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Images from Abbasseya Hospital raise concerns about maltreatment and patient privacy
 
 

A naked woman sits on a bathroom floor next to the sinks. In front of her are two other women holding a bucket of water. This scene, encapsulated in three images, went viral on social media networks on Sunday, before making its way to news platforms and satellite TV. Most people who shared the pictures captioned them “scenes of torture of psychiatric patients at Abasseya Hospital.”

In response, the Health Ministry issued a statement announcing it had suspended the manager of the hospital and 11 of its nursing staff on Tuesday, coinciding with the start of the public prosecution’s investigations into the incident. It condemned the publishing of the images, arguing that this “breached laws regarding psychiatric patients’ rights.”

However, the ministry’s actions and public commentary on the issue drew criticism from medical staff at the hospital, who refuted claims of institutional mistreatment and violating patients’ rights.  

Mohamed Bultiyya, a psychiatrist at Cairo’s public Abbasseya Hospital, tells Mada Masr that the photographs were taken by a nurse who had an administrative conflict with the hospital regarding her desire to transfer from a clinical to an administrative role, and not a person outside the hospital as was reported in the press.

His comments corroborate the story outlined in a second ministry statement issued on Wednesday, which quoted the head of nursing at the Health Ministry’s General Secretariat for Mental Health as saying, “A nurse at the hospital, a mass communications student, submitted an administrative request to be transferred to the hospital’s public relations department. After her request was denied, the nurse in question photographed a patient in a state of undress as they were showering, and published these images on social media websites in order to turn public opinion against the hospital’s administration and the head of nursing at the General Secretariat of Mental Health in retaliation.”

“People just saw the image of a nurse standing in front of a patient at Abbasseya Hospital, and came to the conclusion that the former was torturing the latter,” Bultiyya says. “This baffles me. It was the responsibility of the organizations that published the pictures to question the hospital about the incident, or at least verify the identities of the people in the images, or whether or not torture had actually taken place.”

According to the psychiatrist, an investigation into the matter is currently underway at the hospital, in addition to those being conducted by the Public Prosecution and the General Secretariat of Mental Health. None have as yet released any findings.

Though there is currently no official narrative, the psychiatrist recounts the version of events which has been making the rounds in the hospital: “The incident took place in December, in women’s ward number 14. First of all, you need to understand certain standard procedures: one of the most common symptoms we see in patients is neglect of personal hygiene, and a refusal to bathe. Nurses are therefore meant to ensure that each patient showers once if not twice a day; failure to perform this duty results in disciplinary proceedings. However, with shortages of nursing staff and resources, various problems have begun to arise.”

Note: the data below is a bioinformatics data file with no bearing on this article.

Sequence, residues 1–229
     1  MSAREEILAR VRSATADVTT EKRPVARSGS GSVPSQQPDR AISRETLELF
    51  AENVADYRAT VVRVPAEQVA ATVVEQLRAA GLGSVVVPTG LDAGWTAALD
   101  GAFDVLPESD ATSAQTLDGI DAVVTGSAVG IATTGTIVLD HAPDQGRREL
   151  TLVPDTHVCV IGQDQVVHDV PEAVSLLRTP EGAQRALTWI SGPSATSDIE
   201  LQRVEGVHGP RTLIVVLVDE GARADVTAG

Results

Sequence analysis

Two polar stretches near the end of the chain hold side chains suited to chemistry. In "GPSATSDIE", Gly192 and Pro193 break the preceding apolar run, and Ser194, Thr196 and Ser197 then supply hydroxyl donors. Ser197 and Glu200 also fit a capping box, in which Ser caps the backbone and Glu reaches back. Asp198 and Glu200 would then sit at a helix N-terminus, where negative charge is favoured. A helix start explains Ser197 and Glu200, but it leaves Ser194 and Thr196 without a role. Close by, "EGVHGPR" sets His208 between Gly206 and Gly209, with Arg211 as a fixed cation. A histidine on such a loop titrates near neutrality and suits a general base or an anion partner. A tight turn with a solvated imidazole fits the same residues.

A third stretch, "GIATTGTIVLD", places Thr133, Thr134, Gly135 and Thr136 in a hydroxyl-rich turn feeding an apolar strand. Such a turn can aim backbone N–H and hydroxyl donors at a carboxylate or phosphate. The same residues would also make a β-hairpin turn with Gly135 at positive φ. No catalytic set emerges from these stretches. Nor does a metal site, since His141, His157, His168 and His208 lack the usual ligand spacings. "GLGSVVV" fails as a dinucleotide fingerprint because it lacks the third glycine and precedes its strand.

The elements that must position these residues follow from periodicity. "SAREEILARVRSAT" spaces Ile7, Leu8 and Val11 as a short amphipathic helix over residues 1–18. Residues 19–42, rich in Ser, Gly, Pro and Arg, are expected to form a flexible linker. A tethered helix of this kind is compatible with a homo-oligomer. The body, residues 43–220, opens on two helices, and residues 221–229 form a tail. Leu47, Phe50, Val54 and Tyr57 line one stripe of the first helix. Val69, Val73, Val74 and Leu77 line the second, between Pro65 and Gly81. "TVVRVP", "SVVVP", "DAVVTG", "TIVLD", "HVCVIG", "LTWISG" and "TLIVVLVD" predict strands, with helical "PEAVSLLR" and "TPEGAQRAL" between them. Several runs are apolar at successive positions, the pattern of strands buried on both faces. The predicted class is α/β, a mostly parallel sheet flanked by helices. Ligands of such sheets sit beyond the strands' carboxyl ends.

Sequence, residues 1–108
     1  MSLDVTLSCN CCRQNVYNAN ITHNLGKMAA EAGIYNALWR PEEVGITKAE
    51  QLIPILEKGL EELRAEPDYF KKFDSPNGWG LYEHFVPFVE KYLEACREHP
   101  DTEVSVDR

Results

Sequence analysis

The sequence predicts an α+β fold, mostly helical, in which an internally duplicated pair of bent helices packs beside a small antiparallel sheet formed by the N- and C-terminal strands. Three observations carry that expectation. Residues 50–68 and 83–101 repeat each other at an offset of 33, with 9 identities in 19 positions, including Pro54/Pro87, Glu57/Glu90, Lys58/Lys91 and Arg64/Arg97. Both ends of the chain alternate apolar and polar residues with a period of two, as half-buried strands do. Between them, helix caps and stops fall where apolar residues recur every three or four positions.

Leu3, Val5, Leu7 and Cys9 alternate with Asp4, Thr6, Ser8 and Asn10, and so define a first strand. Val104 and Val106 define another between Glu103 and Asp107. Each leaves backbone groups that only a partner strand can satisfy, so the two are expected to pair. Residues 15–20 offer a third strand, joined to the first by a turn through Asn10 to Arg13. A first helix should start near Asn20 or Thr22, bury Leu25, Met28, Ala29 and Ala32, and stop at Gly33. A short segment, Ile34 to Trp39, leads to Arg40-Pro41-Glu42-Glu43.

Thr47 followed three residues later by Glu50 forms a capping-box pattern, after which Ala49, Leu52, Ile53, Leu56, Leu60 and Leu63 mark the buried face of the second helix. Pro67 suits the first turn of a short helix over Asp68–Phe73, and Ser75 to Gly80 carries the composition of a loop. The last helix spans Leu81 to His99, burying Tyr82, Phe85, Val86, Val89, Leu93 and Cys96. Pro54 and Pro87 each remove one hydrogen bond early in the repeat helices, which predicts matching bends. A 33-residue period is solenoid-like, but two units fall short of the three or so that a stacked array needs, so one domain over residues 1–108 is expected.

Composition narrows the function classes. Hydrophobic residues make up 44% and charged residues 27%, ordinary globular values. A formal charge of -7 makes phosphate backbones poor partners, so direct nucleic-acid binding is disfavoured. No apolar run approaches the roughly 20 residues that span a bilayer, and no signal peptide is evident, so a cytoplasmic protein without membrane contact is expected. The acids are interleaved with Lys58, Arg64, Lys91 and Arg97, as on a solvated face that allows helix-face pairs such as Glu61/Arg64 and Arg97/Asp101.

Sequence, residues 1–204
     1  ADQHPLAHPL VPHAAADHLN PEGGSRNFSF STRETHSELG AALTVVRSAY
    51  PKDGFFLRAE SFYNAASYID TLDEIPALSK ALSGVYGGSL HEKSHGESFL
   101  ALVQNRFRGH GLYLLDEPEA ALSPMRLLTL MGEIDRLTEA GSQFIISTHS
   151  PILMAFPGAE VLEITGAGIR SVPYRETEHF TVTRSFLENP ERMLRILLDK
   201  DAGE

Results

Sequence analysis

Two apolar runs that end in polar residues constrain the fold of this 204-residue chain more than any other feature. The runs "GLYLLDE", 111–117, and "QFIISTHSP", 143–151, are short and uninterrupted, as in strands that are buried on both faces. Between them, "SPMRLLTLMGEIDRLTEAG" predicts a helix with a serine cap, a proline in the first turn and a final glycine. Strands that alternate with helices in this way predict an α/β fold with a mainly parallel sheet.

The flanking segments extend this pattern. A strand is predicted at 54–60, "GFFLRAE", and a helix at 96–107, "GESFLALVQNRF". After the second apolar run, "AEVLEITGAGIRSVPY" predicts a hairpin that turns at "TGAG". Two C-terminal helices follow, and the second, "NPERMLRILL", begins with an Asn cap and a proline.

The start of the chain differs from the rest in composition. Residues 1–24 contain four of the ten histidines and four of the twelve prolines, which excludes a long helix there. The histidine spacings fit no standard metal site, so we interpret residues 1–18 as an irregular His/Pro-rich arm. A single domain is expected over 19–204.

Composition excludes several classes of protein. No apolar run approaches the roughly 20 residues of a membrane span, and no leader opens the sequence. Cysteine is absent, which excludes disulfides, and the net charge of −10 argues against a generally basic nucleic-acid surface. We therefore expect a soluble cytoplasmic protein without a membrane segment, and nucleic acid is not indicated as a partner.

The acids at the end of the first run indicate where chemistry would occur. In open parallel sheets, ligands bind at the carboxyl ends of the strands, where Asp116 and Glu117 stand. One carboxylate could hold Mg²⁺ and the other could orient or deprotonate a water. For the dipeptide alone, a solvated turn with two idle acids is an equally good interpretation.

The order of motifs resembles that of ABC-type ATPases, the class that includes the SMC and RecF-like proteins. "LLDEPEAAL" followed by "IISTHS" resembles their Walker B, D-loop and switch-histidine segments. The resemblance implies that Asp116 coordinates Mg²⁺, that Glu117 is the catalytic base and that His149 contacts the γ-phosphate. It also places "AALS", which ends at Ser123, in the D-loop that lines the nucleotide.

A medical source from Abbasseya Hospital, who spoke to Mada Masr on condition of anonymity, says that the patient in the image has a disability and often refuses to bathe. “In this situation,” the source asks, “how is one nurse, or two at best, supposed to ensure that all patients in the ward, which can number between 25 to 50, have showered?”

“All that happened is that lack of space in the bathroom forced the nurse to use the area next to the sinks — the room isn’t open to the public anyway — and that the patient happened to fall to the ground during the process; but it was then that the other nurse who had a grievance against the hospital decided to take a picture,” according to the hospital employee.

Denying claims of institutional maltreatment, the source asserts that responsibility for the incident lies not with the hospital or its medical staff, who struggle to operate within the bounds of the mental health law with limited resources, but with whoever is in charge of approving the “pitiful” budget for a hospital the size of Abbasseya. “If we want to preserve patient dignity, which we all do, we need to provide them with material resources and support, not punish the weakest link in this situation, which are the nurses.”

Regarding the questions raised around the ethics of publishing such images, Mahmoud Kamel, a member of the Journalists Syndicate’s board, tells Mada Masr, “publishing this kind of news might be impactful given that the pictures are shocking and are capable of provoking public opinion and putting pressure on officials. However, a clear and rigorous code of ethics must apply here.”

“We cannot publish images that violate the privacy of others, especially if the individuals photographed are unaware and have not consented to this,” Kamel says. The board members adds that, in compliance with journalistic standards, outlets must also reach out to the accused party before publishing the images and include their response.

While none of the investigating bodies have released any findings on what may have transpired at the hospital as of yet, the prosecution is expected to conduct an inspection at the site of the incident and speak with potential eyewitnesses as part of its investigation.

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